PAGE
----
terror attacks

Paris court convicts 14 for helping January 2015 terror attacks

France — Link

A Paris court on Wednesday handed 14 defendants jail sentences ranging from four years to life imprisonment for their part in helping terrorist gunmen in their shooting massacres over three days in January 2015 at the offices of Charlie Hebdo magazine and of hostages at a Jewish supermarket, and the murder of a trainee policewoman, killing a total of 17 people.

Macron urges stronger EU border controls after terror attack

France — Link

The French president said that France alone will bolster its border controls by doubling police numbers to 4,800.

French interior minister announces two foiled 'terror attack plots'

France — Link

French interior minister Gérard Collomb said on Sunday that two planned attacks in the name of the so-called Islamic State group, one against a 'major sporting facility', and the other against troops on anti-terrorism patrols on urban streets, had been uncovered this year and the suspected would-be perpetrators arrested.

Tourists return to Paris in record numbers after terror attacks

France — Link

Visitor figures in French capital hit a 10-year high after ‘catastrophic’ 2016, say tourism officials. 

French tourism rebounds two years after start of terror attacks

France — Link

The last three months of 2016 saw tourism in France rebound by nearly 4 percent, after a dramatic downturn last year.

France launches smartphone terror alert app

France — Link

The app will alert geo-located users to a suspected terrorist attack and advise on how to stay safe but will not cause the phone to vibrate or emit any sound.

Paris terror suspect Salah Abdeslam to face French investigators

France — Link

Abdeslam, thought to have played a key role in November 13th attacks, will be questioned for first time in France after transfer from Belgium.

How plan to remove French nationality has become a farce

France — Opinion

On Friday February 5th, 2016, the National Assembly began debating plans to alter the French Constitution, including adding the power to strip convicted terrorists of their French nationality. It was supposed to be President François Hollande's grand response to the Paris terror attacks of 2015. Instead, amid general confusion, the government has become bogged down and endlessly changed its mind over the issue. To the point, argues Mediapart's Mathieu Magnaudeix, where the entire affair has become a national farce.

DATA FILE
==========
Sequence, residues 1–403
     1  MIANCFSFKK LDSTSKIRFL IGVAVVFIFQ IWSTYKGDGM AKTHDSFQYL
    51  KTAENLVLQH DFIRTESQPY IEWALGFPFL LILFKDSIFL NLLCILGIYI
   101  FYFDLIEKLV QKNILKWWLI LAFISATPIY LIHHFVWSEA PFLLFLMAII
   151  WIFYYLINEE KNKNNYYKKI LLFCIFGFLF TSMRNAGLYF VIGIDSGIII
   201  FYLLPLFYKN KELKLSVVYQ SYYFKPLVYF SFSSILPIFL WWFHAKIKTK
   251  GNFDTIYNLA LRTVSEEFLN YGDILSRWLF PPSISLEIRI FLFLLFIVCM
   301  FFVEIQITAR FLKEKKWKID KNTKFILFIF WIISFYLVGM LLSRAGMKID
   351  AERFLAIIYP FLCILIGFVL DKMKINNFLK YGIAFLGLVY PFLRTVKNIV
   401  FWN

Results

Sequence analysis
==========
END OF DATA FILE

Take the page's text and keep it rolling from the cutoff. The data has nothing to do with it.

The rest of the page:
Woman in hiding tells why she blew whistle on Paris attacker

France — Link

She says she heard that Abdelhamid Abaaoud entered France with 90 others and planned attacks on creche, police station and shopping mall.

France issues public guide on actions to take amid a terrorist attack

France — Link

The cartoon, similar to aircraft safety instruction cards, available online and to be posted in public places, advises people to flee, hide and raise the alarm.

Fights against climate change and terrorism linked says Hollande

International — Link

French president said at Paris climate summit they are 'two big global challenges we have to face up to' and that: 'World peace is at stake in the talks'.

France remembers Paris attack victims

France — Link

Presisent Hollande told Paris memorial service that while terrrorists who killed 130 on November 13th had 'the cult of death, we have the love of life'.

France holds memorial service two weeks after massacre

France — Link

Friday's service in central Paris will bring together 1,000 people, including President François Hollande as well as survivors and victims' families.

President Hollande calls on French to display national flags

France — Link

France's head of state will lead a ceremony during a day of mourning on Friday for the 130 people killed by jihadists on 13 November 13th.

Paris climate conference protests to go on despite ban on march


Following the recent terror attacks, public demonstrations have been banned in Paris. This includes the huge march for the climate planned for Sunday November 29th, on the eve of the opening of the COP 21 climate change conference in the French capital. Some groups have described the ban as an attack on civil liberties. Meanwhile the march organisers, the Coalition Climat 21, have vowed that some form of public demonstration – within the law – will still take place. Jade Lindgaard reports.